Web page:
City Leaders Envision Moving Freeway For Lake Access

By JOE MILICIA, Associated Press Writer

CLEVELAND (AP) - Business leaders pitched a plan Thursday to replace the city's shoreline freeway with a tree-lined boulevard and bike path that would open up access to Lake Erie and provide land for parks and development.

They are proposing the project to coincide with the Ohio Department of Transportation's repair of the city's innerbelt -- a series of bridges and ramps connecting three interstates downtown.

"It's a screaming opportunity to fix a lot of stuff that could generate some incredible development in this town for 50 years," said Bud Koch, president of Charter One Bank.

The plan calls for the city's shoreway to be moved several hundred feet south. The shoreway is a stretch of highway built 40 years ago that runs parallel to the lake, cutting off neighborhoods from waterfront access.

"You drive by it at 65, 70 mph. You barely look at it," a plan designer, Paul Volpe, said of Lake Erie.

Volpe, of Cleveland-based City Architecture, proposes an eight-mile boulevard with 17 intersections, along with a bike path, that would provide access to the lakefront.

Mayor-elect Jane Campbell liked the idea.

"Upon initial review, I am enthused by these plans because they attempt to reclaim the lakefront for greater public use and access," she said in a statement Thursday.

Moving the shoreway also would open up more than 350 acres for development, according to Cleveland Tomorrow and the Greater Cleveland Growth Association, which spent $150,000 to develop the plan.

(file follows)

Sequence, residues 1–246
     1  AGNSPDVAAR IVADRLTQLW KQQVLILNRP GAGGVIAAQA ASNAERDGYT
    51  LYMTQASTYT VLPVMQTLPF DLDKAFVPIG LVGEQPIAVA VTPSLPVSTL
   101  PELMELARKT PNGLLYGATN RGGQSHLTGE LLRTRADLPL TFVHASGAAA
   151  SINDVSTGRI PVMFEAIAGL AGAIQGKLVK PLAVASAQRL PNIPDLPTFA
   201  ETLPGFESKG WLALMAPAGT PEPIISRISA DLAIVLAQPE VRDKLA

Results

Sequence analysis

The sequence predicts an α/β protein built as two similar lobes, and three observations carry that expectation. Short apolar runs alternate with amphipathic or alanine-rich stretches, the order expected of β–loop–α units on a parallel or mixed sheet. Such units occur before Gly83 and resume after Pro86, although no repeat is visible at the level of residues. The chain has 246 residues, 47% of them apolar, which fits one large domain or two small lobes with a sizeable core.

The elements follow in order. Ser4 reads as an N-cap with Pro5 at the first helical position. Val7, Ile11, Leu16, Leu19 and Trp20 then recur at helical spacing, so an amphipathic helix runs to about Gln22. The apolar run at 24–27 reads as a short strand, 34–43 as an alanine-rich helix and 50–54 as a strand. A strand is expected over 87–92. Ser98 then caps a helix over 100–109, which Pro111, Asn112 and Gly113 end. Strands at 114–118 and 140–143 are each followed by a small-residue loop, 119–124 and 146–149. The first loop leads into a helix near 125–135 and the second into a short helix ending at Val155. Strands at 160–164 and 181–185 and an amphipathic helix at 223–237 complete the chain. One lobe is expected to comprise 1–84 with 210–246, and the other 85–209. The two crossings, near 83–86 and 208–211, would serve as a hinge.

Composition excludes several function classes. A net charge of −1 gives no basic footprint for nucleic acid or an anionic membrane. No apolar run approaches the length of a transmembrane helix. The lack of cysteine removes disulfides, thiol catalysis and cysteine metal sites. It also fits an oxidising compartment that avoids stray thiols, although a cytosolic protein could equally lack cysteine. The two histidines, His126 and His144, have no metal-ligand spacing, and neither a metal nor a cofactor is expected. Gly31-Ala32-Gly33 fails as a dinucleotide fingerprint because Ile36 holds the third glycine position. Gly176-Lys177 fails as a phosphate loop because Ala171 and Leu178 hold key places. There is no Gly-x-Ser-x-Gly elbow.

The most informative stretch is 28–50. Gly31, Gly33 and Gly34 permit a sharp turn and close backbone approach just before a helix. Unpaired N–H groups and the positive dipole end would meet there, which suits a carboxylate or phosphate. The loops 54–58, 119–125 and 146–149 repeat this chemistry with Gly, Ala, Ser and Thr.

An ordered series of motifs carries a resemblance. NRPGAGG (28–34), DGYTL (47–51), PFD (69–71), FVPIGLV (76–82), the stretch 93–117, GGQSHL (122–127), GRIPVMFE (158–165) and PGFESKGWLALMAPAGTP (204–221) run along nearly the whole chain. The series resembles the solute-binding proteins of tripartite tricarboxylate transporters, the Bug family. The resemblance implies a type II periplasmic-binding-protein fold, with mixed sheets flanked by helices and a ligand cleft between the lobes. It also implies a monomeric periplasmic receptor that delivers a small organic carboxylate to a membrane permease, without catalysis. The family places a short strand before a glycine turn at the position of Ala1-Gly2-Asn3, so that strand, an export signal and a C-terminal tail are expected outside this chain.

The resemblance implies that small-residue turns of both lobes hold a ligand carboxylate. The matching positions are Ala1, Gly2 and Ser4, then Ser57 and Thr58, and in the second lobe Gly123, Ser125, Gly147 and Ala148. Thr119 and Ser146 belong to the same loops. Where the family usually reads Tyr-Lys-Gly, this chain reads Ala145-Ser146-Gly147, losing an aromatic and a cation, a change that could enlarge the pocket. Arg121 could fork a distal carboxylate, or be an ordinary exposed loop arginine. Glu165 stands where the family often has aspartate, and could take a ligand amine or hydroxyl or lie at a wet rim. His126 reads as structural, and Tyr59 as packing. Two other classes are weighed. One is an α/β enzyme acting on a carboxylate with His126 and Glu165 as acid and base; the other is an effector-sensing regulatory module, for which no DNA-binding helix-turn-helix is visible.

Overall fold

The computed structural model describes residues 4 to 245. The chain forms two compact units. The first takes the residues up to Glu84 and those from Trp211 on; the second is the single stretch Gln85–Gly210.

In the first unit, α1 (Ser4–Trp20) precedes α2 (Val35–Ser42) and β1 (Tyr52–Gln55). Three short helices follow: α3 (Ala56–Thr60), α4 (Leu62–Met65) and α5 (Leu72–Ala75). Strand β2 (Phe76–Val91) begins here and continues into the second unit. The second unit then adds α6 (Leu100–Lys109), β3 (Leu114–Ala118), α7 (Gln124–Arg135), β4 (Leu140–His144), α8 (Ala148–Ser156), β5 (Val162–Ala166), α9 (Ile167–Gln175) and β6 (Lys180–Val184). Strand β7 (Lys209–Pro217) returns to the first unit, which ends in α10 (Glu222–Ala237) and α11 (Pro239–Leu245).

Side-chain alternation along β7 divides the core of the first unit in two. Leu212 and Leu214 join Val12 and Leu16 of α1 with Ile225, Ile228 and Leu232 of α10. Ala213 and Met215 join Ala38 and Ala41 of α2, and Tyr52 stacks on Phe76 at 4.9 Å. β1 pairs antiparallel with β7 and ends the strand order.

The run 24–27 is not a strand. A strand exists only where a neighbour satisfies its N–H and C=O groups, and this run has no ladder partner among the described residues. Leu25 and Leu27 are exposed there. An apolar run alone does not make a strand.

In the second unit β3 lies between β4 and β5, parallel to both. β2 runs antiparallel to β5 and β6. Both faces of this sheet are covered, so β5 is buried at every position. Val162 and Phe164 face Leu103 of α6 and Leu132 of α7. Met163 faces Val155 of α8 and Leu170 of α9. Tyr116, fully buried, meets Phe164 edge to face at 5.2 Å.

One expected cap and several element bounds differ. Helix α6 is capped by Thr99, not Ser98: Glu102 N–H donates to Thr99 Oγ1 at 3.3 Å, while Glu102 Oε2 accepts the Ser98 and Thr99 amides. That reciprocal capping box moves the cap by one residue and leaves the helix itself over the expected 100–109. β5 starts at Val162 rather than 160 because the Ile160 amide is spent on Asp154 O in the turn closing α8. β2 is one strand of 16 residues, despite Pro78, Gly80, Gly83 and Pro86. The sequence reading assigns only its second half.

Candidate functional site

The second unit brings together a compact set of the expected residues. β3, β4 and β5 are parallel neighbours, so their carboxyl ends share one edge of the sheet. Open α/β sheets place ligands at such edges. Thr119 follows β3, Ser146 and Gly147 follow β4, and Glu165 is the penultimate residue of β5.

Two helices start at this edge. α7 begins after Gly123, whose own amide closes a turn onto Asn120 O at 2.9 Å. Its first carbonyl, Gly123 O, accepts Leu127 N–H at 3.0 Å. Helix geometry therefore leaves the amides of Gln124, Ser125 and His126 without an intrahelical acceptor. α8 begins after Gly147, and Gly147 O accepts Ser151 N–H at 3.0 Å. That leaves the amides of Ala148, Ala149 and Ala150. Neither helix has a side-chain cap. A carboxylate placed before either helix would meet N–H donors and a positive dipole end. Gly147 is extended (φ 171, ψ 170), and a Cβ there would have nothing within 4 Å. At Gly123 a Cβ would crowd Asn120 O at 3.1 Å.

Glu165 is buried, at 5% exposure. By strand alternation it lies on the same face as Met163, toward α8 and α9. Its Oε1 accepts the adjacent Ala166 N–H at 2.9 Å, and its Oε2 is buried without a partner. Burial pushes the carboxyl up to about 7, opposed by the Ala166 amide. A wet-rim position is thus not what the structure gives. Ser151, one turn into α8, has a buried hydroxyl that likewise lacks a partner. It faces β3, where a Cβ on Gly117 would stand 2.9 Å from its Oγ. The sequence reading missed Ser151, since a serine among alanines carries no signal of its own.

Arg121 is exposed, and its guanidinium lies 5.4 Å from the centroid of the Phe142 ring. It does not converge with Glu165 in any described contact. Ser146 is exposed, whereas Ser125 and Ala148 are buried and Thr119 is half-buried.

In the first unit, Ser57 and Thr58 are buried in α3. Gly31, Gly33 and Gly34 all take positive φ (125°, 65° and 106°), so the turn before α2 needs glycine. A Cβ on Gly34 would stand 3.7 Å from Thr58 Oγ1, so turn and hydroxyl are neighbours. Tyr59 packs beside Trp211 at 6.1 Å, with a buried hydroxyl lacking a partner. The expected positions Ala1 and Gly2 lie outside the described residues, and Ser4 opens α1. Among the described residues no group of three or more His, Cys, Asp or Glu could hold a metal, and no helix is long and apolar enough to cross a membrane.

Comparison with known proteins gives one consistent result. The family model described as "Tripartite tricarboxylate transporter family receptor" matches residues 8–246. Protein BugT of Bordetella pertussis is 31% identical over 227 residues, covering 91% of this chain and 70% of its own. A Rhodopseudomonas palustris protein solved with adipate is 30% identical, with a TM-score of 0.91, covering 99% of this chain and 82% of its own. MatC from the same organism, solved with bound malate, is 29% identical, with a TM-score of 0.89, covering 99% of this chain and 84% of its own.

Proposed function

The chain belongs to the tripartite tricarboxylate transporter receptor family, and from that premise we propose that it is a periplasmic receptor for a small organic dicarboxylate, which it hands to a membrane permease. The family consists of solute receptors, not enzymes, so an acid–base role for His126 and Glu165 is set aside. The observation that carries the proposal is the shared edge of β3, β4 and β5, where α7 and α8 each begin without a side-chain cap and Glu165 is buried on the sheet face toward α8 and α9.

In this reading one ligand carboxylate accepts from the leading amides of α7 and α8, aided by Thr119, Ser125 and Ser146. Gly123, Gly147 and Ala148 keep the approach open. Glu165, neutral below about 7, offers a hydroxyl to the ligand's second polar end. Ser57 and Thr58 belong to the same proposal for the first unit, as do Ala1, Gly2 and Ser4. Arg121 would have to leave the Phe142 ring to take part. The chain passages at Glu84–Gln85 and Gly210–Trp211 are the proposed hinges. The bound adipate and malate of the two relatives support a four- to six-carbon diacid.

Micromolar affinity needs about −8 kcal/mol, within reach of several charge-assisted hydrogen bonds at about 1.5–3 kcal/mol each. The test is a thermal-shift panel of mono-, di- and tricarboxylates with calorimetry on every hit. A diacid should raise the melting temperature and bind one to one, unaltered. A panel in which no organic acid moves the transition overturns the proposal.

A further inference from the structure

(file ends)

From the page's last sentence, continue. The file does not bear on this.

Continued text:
ODOT has encouraged the city to address future needs as the state designs a plan to repair the innerbelt, said Craig Hebebrand, innerbelt project manager. ODOT plans to spend at least $200 million to replace the innerbelt's aging bridge decks and ramps.

Construction will begin in 2007.

"There's a potential to maximize our investment," Hebebrand said.

The plan to relocate the shoreway, which also will need repair in 10 years, is feasible from an engineering standpoint, Hebebrand said. The question is whether it's cost effective.

"Are the payoffs so great they justify that investment?" he said. "You're talking about things that are hard to measure."

Koch, a member of Cleveland Tomorrow's board of trustees, said the portion of the lakefront plan west of downtown could be completed within five years for about $55 million. A combination of public and private money likely would be used.

The downtown and east side portions would take longer and be tied in with the innerbelt repairs. The project cost for those areas had not been determined but could run up to $1 billion, said David Goss, senior director of infrastructure and transportation at the Growth Association.

While acknowledging the large cost, Dennis Eckart, the Growth Association's president and CEO, said the city can't afford to miss an opportunity to reconfigure the lakefront.

"We have to seize the moment," Eckart said. "We have to stop thinking small. We have to think big."

(Copyright 2001 by The Associated Press. All Rights Reserved.)